In writing Star-Crossed I wanted to explore what it might have been like to have been a cross-dressing young woman aboard a ship during the age-of-sail. All those stories about girls dressing as boys and going to sea – maybe they weren’t just stories. After all, here I was doing a man’s work, wearing a man’s clothes, sleeping in a swinging hammock next to my male watch mates (one of whom I was married to.)  If this middle-aged broad could do all of that ruffy-tuffy sailor stuff, then surely a bold young lass of yesteryear would have no problem. My subsequent research proved me right.
Star-Crossed (later republished as Barbados Bound) would be more than six years in the making.  Published in 2006 by Knopf/Random House, the New York Public Library chose Star-Crossed to be among the Books for the Teen Age - 2007.  Meanwhile, I wrote the sequel.

Amazon UK
Amazon US
Knopf wasn’t interested in publishing a series.  But Tom Grundner of Fireship Press was. Fireship Press published Surgeon’s Mate  in 2011 and Tom offered me a contract for Star-Crossed  as soon as it went out of print with Knopf.  He recognized it for what it was: adult historical fiction, not YA.   Sadly, Tom did not live to see Star-Crossed revised as Barbados Bound under the Fireship label.

UPDATE 2017:

New book in the Patricia MacPherson series soon to be launched!

Sometimes a protagonist insists on doing things her way, taking over the rest of the series.
Patricia MacPherson isn’t a pirate, but it appears she has become a colonial Rhode Islander -- which many of her British contemporaries would say is practically the same thing. Why she took up with the “Rogue Islanders” is revealed in Surgeon’s Mate, Book Two of her eponymous series.
I’m pleased to announce Rhode Island Rendezvous – Book Three – Patricia MacPherson Nautical Adventures, to be published September 1.  This novel was more than five years in the making, partly because protag Patrick/Patricia was pulling in directions I wasn’t sure I wanted to go. And once I decided to follow her, I had research to do, followed by much writing. And rewriting.  
At long last she’s ready for launching. Here’s the low-down:

Newport Rhode Island: 1765
The Seven Years War is over but unrest in the American colonies is just heating up. 
Maintaining her disguise as a young man, Patricia is finding success as Patrick MacPherson. Formerly a surgeon’s mate in His Majesty’s Navy, Patrick has been employed aboard the colonial merchant schooner Andromeda importing undeclared foreign molasses into Rhode Island. Late October, amidst riots against the newly imposed Stamp Act, she leaves Newport bound for the West Indies on her first run as Andromeda’s captain. In Havana, a chance meeting with a former enemy presents unexpected opportunities while an encounter with a British frigate and an old lover threatens her liberty – and her life.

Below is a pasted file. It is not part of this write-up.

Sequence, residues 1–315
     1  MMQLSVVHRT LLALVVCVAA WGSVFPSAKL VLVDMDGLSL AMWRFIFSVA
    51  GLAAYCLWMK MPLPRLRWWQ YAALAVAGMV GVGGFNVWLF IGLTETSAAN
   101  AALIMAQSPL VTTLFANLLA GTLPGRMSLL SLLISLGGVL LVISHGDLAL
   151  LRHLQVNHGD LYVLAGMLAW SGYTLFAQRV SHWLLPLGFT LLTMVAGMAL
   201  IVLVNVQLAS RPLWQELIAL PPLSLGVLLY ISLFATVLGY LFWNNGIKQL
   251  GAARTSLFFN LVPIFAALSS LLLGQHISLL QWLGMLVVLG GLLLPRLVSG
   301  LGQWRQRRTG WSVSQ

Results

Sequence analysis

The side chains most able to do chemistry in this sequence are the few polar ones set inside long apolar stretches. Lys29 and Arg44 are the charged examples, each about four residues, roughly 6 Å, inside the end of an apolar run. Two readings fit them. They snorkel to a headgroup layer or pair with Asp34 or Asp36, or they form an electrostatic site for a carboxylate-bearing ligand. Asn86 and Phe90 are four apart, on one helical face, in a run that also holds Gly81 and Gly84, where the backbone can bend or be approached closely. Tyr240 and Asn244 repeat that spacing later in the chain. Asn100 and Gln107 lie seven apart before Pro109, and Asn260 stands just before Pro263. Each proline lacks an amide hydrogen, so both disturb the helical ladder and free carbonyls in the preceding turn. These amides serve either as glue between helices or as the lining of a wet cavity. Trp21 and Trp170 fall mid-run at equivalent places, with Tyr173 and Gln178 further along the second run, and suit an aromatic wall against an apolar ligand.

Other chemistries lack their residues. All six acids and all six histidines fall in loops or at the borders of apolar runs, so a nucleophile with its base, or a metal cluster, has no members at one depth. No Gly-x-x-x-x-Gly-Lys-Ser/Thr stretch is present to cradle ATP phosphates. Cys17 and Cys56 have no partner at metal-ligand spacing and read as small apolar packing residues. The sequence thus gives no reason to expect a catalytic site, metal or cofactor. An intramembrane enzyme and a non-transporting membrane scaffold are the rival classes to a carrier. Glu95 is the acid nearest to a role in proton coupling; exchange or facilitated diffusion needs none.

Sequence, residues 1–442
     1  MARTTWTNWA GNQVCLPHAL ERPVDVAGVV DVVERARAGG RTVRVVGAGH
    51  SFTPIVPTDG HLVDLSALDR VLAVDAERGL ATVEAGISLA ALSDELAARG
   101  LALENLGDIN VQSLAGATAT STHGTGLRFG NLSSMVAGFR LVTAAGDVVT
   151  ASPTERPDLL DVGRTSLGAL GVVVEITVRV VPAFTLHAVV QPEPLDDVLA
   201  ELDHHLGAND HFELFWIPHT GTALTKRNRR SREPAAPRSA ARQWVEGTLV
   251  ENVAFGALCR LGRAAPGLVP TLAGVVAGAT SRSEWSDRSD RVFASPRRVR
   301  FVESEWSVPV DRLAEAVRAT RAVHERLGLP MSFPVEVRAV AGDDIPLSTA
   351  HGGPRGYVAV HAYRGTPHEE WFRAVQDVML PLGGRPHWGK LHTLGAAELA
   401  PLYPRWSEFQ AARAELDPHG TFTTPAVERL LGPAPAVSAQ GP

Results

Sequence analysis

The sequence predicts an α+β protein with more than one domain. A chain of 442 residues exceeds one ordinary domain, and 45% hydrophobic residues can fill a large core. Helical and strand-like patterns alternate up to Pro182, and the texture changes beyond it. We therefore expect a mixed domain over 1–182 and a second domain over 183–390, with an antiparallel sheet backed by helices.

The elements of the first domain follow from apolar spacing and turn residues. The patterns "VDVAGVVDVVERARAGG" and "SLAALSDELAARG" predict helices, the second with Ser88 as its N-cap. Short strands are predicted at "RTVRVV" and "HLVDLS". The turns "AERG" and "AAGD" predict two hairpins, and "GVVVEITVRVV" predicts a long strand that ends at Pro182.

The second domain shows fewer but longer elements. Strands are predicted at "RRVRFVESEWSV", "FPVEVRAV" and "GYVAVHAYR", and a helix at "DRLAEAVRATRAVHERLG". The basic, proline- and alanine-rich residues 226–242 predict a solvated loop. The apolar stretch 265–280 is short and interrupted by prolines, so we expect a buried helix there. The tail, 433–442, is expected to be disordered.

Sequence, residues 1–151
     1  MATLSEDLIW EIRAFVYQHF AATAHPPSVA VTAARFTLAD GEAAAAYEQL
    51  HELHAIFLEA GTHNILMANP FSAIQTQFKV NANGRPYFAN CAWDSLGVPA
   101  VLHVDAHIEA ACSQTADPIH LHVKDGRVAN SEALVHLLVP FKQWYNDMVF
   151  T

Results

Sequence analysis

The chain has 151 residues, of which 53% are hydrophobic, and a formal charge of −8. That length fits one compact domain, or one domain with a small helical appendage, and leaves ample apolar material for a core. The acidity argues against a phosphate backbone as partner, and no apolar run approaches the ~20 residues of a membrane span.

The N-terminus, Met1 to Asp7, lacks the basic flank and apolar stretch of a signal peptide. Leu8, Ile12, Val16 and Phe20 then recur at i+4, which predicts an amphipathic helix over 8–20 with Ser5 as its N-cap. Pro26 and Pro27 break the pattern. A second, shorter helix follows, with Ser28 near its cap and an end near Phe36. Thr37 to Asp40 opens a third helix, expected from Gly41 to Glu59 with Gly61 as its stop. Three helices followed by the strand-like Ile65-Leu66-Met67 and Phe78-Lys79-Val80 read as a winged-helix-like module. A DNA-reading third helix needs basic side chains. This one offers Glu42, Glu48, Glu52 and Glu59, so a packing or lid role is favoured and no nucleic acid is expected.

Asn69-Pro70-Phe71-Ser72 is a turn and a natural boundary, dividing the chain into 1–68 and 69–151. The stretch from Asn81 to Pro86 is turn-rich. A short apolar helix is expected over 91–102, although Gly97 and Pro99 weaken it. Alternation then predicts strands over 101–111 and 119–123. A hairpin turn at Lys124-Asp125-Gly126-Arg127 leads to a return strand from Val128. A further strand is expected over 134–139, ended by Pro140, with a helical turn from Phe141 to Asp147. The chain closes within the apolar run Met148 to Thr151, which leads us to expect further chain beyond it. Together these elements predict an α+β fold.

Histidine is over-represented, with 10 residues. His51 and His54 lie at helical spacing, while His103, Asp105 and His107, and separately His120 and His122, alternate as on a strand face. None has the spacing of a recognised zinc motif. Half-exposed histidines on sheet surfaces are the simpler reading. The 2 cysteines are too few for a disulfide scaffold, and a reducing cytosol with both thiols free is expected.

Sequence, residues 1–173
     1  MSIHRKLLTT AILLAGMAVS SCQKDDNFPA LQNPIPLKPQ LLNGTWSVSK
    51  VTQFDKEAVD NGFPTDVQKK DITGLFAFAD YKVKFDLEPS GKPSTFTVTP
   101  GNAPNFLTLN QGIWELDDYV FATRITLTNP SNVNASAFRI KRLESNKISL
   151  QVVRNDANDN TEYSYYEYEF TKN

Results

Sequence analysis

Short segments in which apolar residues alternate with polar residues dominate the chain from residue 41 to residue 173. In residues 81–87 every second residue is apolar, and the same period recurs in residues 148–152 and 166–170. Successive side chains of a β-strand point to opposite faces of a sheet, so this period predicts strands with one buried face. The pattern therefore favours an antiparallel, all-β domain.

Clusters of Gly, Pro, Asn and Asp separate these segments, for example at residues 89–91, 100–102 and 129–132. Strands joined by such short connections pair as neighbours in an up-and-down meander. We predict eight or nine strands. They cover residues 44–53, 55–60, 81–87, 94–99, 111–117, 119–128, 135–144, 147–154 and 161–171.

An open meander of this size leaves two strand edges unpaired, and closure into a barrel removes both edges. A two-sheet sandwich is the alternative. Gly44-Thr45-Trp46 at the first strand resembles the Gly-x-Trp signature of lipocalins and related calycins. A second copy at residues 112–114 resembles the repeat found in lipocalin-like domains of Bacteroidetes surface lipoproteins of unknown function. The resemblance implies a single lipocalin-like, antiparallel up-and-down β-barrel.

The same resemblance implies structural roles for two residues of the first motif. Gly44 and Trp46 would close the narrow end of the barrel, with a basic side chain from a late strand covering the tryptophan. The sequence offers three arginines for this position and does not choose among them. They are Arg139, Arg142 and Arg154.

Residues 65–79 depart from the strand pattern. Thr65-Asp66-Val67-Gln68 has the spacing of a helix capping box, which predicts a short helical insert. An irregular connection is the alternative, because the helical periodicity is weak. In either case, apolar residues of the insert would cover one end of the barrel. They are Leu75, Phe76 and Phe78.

Helen: I'm really looking forward to this latest one, Linda - maybe you'll come back and tlel us more when it has been released?
Now - who would you invite as dinner guest? Anyone at all...

Linda's Selected Dinner Guests

J D Davies, the author of ‘The journals of Matthew Quinton’, an acclaimed series of naval historical fiction set in the Restoration period. David is also a prominent historian of the period who won the prestigious Samuel Pepys prize for Pepys’s Navy. He is a Fellow of the Royal Historical Society and is currently working on a naval history of his native Wales.

Helen Hollick, as most of you know, is published in the UK and the US with her books about King Arthur and the 1066 Battle of Hastings, officially making the USA Today best seller list with her novel Forever Queen.  And Helen writes pirates and sea witches better than anyone I know!  

Margaret Muir. Margaret’s work is well respected by readers of classic maritime fiction set during the Napoleonic era. Now, with five historical novels to her credit, she is writing a sequel to her age-of-sail nautical adventure, Floating Gold.   

Rick Spilman, guru of all things nautical and the host of the Old Salt Blog.  His first novel, Hell Around the Horn, is due out this summer.  An avid sailor, he has sailed as volunteer crew on the replica square-riggers “HMS ROSE” and “HMS BOUNTY.” He has been published in the Huffington Post, Captain, Forbes online, and canoeing and kayaking print magazines.

Now, if you’ll excuse me, I think I see my ship coming in…
Yours, aye,

Linda Collison www.lindacollison.com 
Linda is on Facebook


Did you miss?  My Guests Revisiting...
James L. Nelson 
Cathy Helms of Avalon Graphics Design